e. If ecosystem services provide valuable services, why don’t more payment schemes exist?

i. Ignorance

1. We take ecosystem services for granted

2. This lack of knowledge is due to the lack of relevant data and the complexity of the task of analyzing how ecosystems provide services

ii. Institutional inadequacy

1. Legal protection of ecosystems was not a primary objective when the relevant laws were drafted.

a. Pollution laws rely on health based standards.

b. Conservation laws are species-specific.

iii. Problems inherent in public goods (*most important)

1. There are so few markets for ecosystem services because they are free—no markets exist in which they can be bought or sold (e.g., water purification & pollination)

a. As a result, there are no direct price mechanisms to signal the scarcity or degradation of these public goods until they fail.

f. Key challenge in implementing an ecosystem services approach: creating a market where none exists.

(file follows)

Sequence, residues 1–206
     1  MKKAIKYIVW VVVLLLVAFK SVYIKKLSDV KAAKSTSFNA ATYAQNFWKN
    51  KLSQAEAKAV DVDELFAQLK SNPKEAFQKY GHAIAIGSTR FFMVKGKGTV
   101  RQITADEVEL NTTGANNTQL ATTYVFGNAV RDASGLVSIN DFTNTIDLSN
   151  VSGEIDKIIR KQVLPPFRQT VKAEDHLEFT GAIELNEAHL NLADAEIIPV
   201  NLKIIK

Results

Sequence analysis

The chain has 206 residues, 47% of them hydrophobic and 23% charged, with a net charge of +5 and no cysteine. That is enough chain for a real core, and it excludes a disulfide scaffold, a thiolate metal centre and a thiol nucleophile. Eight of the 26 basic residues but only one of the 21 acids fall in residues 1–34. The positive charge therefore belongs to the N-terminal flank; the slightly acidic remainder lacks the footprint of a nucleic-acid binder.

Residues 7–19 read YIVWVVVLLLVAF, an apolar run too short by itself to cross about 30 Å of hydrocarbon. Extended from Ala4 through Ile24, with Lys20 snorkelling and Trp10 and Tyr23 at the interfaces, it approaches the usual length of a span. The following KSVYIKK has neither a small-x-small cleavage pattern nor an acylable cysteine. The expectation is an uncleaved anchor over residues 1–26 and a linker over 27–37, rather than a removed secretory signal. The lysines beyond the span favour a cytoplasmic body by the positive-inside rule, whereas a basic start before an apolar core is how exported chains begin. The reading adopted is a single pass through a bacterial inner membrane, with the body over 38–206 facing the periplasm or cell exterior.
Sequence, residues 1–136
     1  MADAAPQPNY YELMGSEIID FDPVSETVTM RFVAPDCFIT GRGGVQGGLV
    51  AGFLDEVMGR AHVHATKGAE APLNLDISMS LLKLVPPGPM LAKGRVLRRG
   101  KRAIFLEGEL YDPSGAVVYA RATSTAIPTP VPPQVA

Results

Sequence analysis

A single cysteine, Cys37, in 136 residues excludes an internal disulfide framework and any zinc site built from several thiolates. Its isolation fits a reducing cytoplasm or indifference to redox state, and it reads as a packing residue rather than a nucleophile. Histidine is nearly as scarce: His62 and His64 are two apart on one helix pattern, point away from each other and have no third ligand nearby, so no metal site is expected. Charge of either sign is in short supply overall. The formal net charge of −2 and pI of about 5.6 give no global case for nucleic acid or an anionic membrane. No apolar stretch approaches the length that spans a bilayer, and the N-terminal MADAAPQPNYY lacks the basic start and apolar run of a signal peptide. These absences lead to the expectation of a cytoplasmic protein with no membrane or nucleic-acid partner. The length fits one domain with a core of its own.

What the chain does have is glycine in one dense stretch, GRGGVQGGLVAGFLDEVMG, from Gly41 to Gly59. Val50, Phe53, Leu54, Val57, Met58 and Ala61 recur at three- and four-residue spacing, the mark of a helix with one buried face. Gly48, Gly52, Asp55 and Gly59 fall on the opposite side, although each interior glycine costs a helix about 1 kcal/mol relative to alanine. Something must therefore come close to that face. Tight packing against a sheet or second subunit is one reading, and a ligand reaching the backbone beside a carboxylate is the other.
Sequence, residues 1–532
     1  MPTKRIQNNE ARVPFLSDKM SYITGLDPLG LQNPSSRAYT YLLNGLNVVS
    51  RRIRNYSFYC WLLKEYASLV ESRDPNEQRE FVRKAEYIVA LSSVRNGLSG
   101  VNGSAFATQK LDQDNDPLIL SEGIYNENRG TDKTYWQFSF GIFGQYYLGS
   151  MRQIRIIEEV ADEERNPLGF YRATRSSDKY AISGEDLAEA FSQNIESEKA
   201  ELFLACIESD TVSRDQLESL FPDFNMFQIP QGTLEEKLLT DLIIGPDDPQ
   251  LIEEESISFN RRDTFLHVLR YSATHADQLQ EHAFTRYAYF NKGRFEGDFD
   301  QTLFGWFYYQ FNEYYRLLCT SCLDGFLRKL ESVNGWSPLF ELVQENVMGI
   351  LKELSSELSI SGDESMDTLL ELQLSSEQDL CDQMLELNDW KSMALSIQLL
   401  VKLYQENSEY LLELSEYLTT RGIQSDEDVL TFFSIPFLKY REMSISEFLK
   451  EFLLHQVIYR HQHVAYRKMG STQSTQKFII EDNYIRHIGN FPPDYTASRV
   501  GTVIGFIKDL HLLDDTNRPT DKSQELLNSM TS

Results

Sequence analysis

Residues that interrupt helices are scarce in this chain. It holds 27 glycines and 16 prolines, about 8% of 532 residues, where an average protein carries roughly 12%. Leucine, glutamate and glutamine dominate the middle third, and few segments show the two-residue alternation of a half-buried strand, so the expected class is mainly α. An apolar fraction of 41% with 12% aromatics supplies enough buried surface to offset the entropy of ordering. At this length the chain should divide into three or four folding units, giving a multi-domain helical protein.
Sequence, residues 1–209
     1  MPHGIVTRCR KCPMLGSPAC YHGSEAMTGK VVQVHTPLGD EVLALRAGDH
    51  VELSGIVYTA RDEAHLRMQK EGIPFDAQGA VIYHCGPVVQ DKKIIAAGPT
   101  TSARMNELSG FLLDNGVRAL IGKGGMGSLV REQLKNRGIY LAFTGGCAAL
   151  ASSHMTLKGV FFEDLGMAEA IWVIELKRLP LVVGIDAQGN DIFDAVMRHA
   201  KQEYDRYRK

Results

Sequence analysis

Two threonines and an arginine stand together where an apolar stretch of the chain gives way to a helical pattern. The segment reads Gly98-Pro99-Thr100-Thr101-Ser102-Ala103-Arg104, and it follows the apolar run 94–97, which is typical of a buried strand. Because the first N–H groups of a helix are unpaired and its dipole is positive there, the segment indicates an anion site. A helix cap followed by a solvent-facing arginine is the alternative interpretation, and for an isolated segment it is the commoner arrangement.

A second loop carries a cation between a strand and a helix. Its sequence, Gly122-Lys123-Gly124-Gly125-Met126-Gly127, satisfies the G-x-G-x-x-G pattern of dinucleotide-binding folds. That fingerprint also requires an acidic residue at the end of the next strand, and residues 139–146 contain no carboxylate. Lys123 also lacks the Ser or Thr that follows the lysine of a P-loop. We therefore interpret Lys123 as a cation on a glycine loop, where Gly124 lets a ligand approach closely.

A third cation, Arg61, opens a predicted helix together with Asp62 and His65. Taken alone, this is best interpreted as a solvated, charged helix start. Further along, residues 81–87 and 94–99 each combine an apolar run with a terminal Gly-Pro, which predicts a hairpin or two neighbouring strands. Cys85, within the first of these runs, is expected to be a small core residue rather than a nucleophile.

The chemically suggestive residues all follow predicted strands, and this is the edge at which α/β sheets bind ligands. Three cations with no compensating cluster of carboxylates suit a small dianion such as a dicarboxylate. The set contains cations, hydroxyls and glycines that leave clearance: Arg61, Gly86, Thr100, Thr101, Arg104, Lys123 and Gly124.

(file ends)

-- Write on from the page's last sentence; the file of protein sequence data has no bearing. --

g. Notes:

i. Criticism of the “value of everything project,” compensation measures of different ecosystem elements are not compatible (i.e., a measure/calculation used for one wetland might not be accurate for another)

ii. Ecosystem services cannot be marketed until the functional linkages between different elements of the environment and valuable services are well enough understood that realistic values can be ass

TESTED. PP: P’s alleged through operation of Leaf Mill – they discharged toxic chemicals into the river causing injury to the Ps based on negligence, strict liability, nuisance, and trespass. Issue: 1) Whether the emotional distress verdict below must be reversed. 2) Whether the nuisance verdict below must be reversed. Holding: 1) Yes 2) Yes. Rationale: There is a lack of evidence proving exposure of appellees to a dangerous or harmful agency and the record is devoid of evidence pointing to possible or future illness. Ct has never allowed or affirmed a claim of emotional distress based on a fear of contracting a disease or illness in the future, however reasonable. No evidence of any damage to the property except for the condition of the river and the resulting stigma. Evidence insufficient to constitute significant interference w the Fergusons’ use and enjoyment of their property.